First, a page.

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LC
Socotra Starling Onychognathus frater

Justification
Although this species may have a small range, it is not believed to approach the thresholds for Vulnerable under the range size criterion (Extent of Occurrence <20,000 km2 combined with a declining or fluctuating range size, habitat extent/quality, or population size and a small number of locations or severe fragmentation). The population trend appears to be stable, and hence the species does not approach the thresholds for Vulnerable under the population trend criterion (>30% decline over ten years or three generations). The population size has not been quantified, but it is not believed to approach the thresholds for Vulnerable under the population size criterion (<10,000 mature individuals with a continuing decline estimated to be >10% in ten years or three generations, or with a specified population structure). For these reasons the species is evaluated as Least Concern.

Taxonomic source(s)
Dowsett, R. J.; Forbes-Watson, A. D. 1993. Checklist of birds of the Afrotropical and Malagasy regions. Tauraco Press, Li
Sibley, C. G.; Monroe, B. L. 1990. Distribution and taxonomy of birds of the world. Yale University Press, New Haven, USA.

Distribution and population
This species is restricted to Socotra, Yemen.

Population justification
The global population size has not been quantified, but surveys in 1993, 1999 and 2000 have found it widespread and locally frequent all over the island (up to 1,500 m), with a mean population density (based on transects) of c.7 birds/km2 in the post-breeding season (Davidson 1996, Kirwan et al. 1996).

Trend justification
The population is suspected to be stable in the absence of evidence for any declines or substantial threats.

Ecology
This species is social, highly mobile and apparently adaptable, being recorded from a broad range of habitats, although it appears to prefer methodical foraging in trees rather than on the ground (Porter and Martins 1996). The diet consists of fruit, seeds and insects (Porter and Martins 1996, Ripley and Bond 1966). It is often seen together with the more abundant Somali Starling O. blythii, which is a more conspicuous generalist and reasonably assumed to be a more recent colonist (Ripley and Bond 1966), but the possibility that the two species may be competing, to the detriment of O. frater, remains unproven speculation (Forbes-Watson 1964).

Threats
Extreme overgrazing and browsing might possibly have an impact on populations, but this seems unlikely to occur in the foreseeable future.

Related state of the world's birds case studies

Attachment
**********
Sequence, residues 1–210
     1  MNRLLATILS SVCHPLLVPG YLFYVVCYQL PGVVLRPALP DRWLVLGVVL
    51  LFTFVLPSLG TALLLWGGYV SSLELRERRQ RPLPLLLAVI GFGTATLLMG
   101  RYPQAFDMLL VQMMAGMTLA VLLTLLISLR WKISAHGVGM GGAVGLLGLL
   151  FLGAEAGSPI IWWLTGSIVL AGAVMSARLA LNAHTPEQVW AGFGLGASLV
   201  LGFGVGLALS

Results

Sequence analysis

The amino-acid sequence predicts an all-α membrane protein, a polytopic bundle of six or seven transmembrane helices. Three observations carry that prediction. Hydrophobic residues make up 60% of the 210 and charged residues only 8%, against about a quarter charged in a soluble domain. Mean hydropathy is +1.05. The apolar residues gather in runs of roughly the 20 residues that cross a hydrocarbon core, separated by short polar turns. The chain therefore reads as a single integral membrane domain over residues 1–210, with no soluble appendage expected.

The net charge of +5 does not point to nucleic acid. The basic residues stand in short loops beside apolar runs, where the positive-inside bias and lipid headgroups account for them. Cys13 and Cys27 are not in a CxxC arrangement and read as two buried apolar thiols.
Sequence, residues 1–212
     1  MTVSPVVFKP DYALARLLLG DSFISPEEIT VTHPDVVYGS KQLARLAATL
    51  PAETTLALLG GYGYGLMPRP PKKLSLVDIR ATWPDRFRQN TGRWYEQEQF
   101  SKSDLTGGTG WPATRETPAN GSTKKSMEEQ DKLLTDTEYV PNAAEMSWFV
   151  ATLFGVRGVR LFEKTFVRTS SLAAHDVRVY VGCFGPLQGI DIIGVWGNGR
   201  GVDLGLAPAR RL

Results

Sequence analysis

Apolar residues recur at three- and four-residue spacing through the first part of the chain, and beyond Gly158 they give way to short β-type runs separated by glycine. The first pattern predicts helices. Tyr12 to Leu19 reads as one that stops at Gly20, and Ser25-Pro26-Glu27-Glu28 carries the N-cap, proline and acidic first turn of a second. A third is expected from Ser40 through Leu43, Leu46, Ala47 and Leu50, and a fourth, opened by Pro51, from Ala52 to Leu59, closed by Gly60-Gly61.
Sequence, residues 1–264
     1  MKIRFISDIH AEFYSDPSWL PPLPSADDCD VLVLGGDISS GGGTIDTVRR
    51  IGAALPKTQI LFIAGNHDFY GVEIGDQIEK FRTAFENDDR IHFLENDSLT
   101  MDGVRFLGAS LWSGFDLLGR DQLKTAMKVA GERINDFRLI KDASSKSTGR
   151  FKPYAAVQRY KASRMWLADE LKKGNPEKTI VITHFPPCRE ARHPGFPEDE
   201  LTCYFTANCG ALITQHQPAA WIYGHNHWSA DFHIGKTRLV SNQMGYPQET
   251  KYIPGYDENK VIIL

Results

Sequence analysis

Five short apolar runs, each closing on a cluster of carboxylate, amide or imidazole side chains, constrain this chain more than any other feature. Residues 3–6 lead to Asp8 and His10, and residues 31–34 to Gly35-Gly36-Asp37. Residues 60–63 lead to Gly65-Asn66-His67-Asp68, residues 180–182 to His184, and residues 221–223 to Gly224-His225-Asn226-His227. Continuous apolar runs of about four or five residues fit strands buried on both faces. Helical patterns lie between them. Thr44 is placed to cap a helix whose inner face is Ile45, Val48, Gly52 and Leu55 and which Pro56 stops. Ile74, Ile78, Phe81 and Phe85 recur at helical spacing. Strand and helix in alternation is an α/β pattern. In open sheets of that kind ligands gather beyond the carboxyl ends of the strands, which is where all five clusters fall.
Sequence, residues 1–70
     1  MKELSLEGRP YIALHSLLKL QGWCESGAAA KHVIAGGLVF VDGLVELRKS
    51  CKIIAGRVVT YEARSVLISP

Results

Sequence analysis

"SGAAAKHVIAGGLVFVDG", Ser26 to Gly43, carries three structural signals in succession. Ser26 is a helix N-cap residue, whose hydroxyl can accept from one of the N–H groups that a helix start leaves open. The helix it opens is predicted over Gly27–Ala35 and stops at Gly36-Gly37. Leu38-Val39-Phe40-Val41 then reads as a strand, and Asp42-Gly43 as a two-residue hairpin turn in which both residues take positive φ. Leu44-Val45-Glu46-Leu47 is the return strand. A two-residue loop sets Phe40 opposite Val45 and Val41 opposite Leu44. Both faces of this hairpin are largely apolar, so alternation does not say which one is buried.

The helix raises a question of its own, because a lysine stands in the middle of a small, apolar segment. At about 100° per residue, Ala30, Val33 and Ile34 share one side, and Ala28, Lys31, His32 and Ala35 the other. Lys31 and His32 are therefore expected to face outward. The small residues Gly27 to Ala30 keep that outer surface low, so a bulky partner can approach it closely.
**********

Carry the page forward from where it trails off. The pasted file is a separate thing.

References
Davidson, P. 1996. Habitats and bird communities in southern Yemen and Socotra. Sandgrouse 17: 102-129.

Forbes-Watson, A. 1964. Report on the Smithsonian Institution ornithological expedition to Socotra.

Kirwan, G. M.; Martins, R. P.; Morton, K. M.; Showler, D. A. 1996. The status of birds in Socotra and Abd Al-Kuri and the records of the OSME survey in spring 1993. Sandgrouse 17: 83-101.

Porter, R. F.; Martins, R. P. 1996. Socotra Starling Onychognathus frater and Somali Starling O. blythii. Sandgrouse 17: 151-154.

Ripley, S. D.; Bond, G. M. 1966. The birds of Socotra and Abd-el-Kuri. Smithsonian Miscellaneous Collections 151.

Further web sources of information
Explore HBW Alive for further information on this species

Search for photos and videos, and hear sounds of this species from the Internet Bird Collection

Text account compilers
Ekstrom, J., Butchart, S., Harding, M., Fisher, S.

IUCN Red List evaluators
Butchart, S., Symes, A.

Recommended citation
BirdLife International (2014) Species factsheet: Onychognathus frater. Downloaded from http://www.birdlife.org on 28/11/2014. Recommended citation for factsheets for more than one species: BirdLife International (2014) IUCN Red List for birds. Downloaded from http://www.birdlife.org on 28/11/2014.

This information is based upon, and updates, the information published in BirdLife International (2000) Threatened birds of the world. Barcelona and Cambridge, UK: Lynx Edicions and BirdLife International, BirdLife International (2004) Threatened birds of the world 2004 CD-ROM and BirdLife International (2008) Threatened birds of the world 2008 CD-ROM. These sources provide the information for species accounts for the birds on the IUCN Red List.

To provide new information to update this factsheet or to correct any errors, please email BirdLife

To contribute to discussions on the evaluation of the IUCN Red List status of Globally Threatened Birds, please visit BirdLife's Globally Threatened Bird Forums.

Key facts
Current IUCN Red List category Least Concern
Family Sturnidae (Starlings)
Species name author (Sclater & Hartlaub, 1881)
Population size Unknown mature individuals
Population trend Stable
Distribution size (breeding/resident) 3,600 km2
Country endemic? Yes
Links to further information
- Additional Information on this species